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The Minnesota Daily

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Senate fails to pass higher education bill

The University of Minnesota was set to receive $3 million of the $9.25 billion budget surplus in a bill that was tabled by the Senate.
Image by Alice Bennett
Gov. Tim Walz signed the bill into law on Thursday.

The omnibus higher education bill that included $3 million for the University of Minnesota passed the House on May 20, but failed to come to a vote in the Senate before the end of the legislative session on May 23.

If passed by the Senate, the bill would grant $20 million to Minnesota higher education, taken from the state’s record-breaking budget surplus of $9.25 billion. Unless a special session is called, the bill will not come to a vote and no funding will be granted until next year’s session.

The University originally requested $936 million for investments such as a new chemistry building and security upgrades. Of the $3 million granted, $2 million would go to the Natural Resources Research Institute and $1 million would go to the Promise Scholarship Program.

Vice Chair of the University’s Board of Regents Steve Sviggum said he was not expecting the legislature to grant the University’s full request but was hoping for a larger investment.

“It was needed to serve our mission as a University of research and education,” Sviggum said. “[The legislature] need[s] to support performance, and I think the University’s performance has warranted some additional investments.”

The University usually submits budget requests during odd-numbered years, but the budget surplus presented the opportunity for regents to request more funding this year.

Some representatives said the funding was not as great as they had hoped. Rep. Ginny Klevorn (DFL) said the legislature has been “systematically underinvesting” in the University for years.

“That cannot continue and have higher education be affordable,” Klevorn said. “We have to meet our students where they are.”

In the House debate over the bill, Rep. Jon Koznick (R) said he did not support the bill because it failed to make college more affordable for all students. He said he would like to “apologize” to University students who may face a 3.5% tuition increase next fall.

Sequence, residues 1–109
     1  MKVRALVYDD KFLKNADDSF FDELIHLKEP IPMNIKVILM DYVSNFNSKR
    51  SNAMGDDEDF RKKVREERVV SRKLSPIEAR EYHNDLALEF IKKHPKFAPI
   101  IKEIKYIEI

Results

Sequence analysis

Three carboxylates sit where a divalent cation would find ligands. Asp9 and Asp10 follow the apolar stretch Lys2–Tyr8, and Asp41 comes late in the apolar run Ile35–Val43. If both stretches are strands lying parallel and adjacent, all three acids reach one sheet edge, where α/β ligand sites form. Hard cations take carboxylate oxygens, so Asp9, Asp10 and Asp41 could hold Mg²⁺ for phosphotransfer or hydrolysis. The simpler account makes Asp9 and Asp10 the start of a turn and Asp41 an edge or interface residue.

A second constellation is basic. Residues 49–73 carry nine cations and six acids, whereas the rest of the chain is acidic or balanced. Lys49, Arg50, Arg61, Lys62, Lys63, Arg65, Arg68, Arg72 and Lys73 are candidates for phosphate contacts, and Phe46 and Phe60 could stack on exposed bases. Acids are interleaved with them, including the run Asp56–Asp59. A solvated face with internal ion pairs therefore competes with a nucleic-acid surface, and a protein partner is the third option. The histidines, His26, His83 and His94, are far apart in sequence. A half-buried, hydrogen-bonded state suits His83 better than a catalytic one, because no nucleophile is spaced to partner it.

“Never was it a consideration to help freeze tuition,” Koznick said during the meeting. “We started out with misplaced priorities, and we need to have a tax agreement for long term permanent tax reform.”

The higher education bill was not the only omnibus spending bill that failed to pass by the May 23 deadline. The bipartisan agreement for spending the budget surplus included $4 billion in tax relief and $4 billion for new spending, but neither the tax bills nor most spending bills made it over the finish line.

Health and human services, E-12 education and public safety are among the omnibus spending bills that will not be passed unless government leaders call a special session.

Chair of the Higher Education Finance and Policy Committee Rep. Connie Bernardy (DFL) said she does not believe a special session will be called unless a deal is struck among Democrat and Republican leaders to pass both the tax bill and the spending bills.

Sviggum said he believed it is unlikely that legislators would reconvene for a special session unless an agreement was made “very soon.”

“With the money we had, we think we made some good investments,” Bernardy said. “We came up with a compromise bill, and unfortunately [Republican senators] didn’t see the value of investing in our students and killed it.”

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